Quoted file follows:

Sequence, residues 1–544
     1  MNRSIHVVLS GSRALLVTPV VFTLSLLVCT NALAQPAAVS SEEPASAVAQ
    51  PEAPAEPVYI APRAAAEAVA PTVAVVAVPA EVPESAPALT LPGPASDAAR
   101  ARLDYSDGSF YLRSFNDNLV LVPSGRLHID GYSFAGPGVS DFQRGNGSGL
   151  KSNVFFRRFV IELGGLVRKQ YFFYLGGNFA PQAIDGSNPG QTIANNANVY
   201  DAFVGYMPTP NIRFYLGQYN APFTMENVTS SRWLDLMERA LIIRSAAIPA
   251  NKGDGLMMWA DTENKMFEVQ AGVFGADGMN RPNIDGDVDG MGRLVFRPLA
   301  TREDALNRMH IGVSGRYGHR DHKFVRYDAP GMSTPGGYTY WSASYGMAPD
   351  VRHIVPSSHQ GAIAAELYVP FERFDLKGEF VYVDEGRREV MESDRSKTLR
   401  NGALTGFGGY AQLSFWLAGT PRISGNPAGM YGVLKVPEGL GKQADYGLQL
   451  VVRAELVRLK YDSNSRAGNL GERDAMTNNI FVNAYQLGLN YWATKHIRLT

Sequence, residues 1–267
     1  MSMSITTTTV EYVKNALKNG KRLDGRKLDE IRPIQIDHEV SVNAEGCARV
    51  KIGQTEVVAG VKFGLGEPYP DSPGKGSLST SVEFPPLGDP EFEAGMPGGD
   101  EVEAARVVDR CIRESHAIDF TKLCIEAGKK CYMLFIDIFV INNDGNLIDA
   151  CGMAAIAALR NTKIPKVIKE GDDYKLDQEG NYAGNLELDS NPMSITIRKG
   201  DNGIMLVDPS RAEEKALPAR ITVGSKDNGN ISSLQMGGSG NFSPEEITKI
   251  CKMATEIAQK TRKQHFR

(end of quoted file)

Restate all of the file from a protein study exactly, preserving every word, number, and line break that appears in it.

Sequence, residues 1–544
     1  MNRSIHVVLS GSRALLVTPV VFTLSLLVCT NALAQPAAVS SEEPASAVAQ
    51  PEAPAEPVYI APRAAAEAVA PTVAVVAVPA EVPESAPALT LPGPASDAAR
   101  ARLDYSDGSF YLRSFNDNLV LVPSGRLHID GYSFAGPGVS DFQRGNGSGL
   151  KSNVFFRRFV IELGGLVRKQ YFFYLGGNFA PQAIDGSNPG QTIANNANVY
   201  DAFVGYMPTP NIRFYLGQYN APFTMENVTS SRWLDLMERA LIIRSAAIPA
   251  NKGDGLMMWA DTENKMFEVQ AGVFGADGMN RPNIDGDVDG MGRLVFRPLA
   301  TREDALNRMH IGVSGRYGHR DHKFVRYDAP GMSTPGGYTY WSASYGMAPD
   351  VRHIVPSSHQ GAIAAELYVP FERFDLKGEF VYVDEGRREV MESDRSKTLR
   401  NGALTGFGGY AQLSFWLAGT PRISGNPAGM YGVLKVPEGL GKQADYGLQL
   451  VVRAELVRLK YDSNSRAGNL GERDAMTNNI FVNAYQLGLN YWATKHIRLT

Sequence, residues 1–267
     1  MSMSITTTTV EYVKNALKNG KRLDGRKLDE IRPIQIDHEV SVNAEGCARV
    51  KIGQTEVVAG VKFGLGEPYP DSPGKGSLST SVEFPPLGDP EFEAGMPGGD
   101  EVEAARVVDR CIRESHAIDF TKLCIEAGKK CYMLFIDIFV INNDGNLIDA
   151  CGMAAIAALR NTKIPKVIKE GDDYKLDQEG NYAGNLELDS NPMSITIRKG
   201  DNGIMLVDPS RAEEKALPAR ITVGSKDNGN ISSLQMGGSG NFSPEEITKI
   251  CKMATEIAQK TRKQHFR